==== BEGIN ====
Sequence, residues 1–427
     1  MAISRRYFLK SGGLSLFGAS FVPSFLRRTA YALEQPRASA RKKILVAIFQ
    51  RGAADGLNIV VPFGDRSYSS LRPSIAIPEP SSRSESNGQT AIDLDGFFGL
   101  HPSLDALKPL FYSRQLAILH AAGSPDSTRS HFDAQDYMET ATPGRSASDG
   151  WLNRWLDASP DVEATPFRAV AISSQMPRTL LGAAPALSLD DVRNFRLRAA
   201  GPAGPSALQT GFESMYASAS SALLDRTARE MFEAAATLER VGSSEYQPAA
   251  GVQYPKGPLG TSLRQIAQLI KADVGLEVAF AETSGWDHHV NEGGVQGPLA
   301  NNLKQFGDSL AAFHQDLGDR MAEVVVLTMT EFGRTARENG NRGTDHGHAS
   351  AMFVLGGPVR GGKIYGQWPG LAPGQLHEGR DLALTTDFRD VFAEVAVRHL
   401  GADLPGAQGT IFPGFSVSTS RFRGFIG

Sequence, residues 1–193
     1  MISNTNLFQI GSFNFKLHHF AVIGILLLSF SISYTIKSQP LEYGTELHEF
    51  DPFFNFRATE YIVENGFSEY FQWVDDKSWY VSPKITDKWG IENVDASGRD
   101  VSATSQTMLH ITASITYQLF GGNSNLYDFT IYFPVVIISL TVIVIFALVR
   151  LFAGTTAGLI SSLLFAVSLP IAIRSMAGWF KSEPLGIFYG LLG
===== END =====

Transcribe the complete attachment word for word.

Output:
Sequence, residues 1–427
     1  MAISRRYFLK SGGLSLFGAS FVPSFLRRTA YALEQPRASA RKKILVAIFQ
    51  RGAADGLNIV VPFGDRSYSS LRPSIAIPEP SSRSESNGQT AIDLDGFFGL
   101  HPSLDALKPL FYSRQLAILH AAGSPDSTRS HFDAQDYMET ATPGRSASDG
   151  WLNRWLDASP DVEATPFRAV AISSQMPRTL LGAAPALSLD DVRNFRLRAA
   201  GPAGPSALQT GFESMYASAS SALLDRTARE MFEAAATLER VGSSEYQPAA
   251  GVQYPKGPLG TSLRQIAQLI KADVGLEVAF AETSGWDHHV NEGGVQGPLA
   301  NNLKQFGDSL AAFHQDLGDR MAEVVVLTMT EFGRTARENG NRGTDHGHAS
   351  AMFVLGGPVR GGKIYGQWPG LAPGQLHEGR DLALTTDFRD VFAEVAVRHL
   401  GADLPGAQGT IFPGFSVSTS RFRGFIG

Sequence, residues 1–193
     1  MISNTNLFQI GSFNFKLHHF AVIGILLLSF SISYTIKSQP LEYGTELHEF
    51  DPFFNFRATE YIVENGFSEY FQWVDDKSWY VSPKITDKWG IENVDASGRD
   101  VSATSQTMLH ITASITYQLF GGNSNLYDFT IYFPVVIISL TVIVIFALVR
   151  LFAGTTAGLI SSLLFAVSLP IAIRSMAGWF KSEPLGIFYG LLG